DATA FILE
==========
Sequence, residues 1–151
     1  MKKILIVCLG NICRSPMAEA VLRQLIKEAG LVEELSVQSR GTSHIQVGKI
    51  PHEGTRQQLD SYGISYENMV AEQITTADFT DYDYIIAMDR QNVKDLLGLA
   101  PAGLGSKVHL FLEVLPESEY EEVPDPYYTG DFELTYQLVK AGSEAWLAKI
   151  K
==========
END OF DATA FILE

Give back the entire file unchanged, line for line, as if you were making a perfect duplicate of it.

Sequence, residues 1–151
     1  MKKILIVCLG NICRSPMAEA VLRQLIKEAG LVEELSVQSR GTSHIQVGKI
    51  PHEGTRQQLD SYGISYENMV AEQITTADFT DYDYIIAMDR QNVKDLLGLA
   101  PAGLGSKVHL FLEVLPESEY EEVPDPYYTG DFELTYQLVK AGSEAWLAKI
   151  K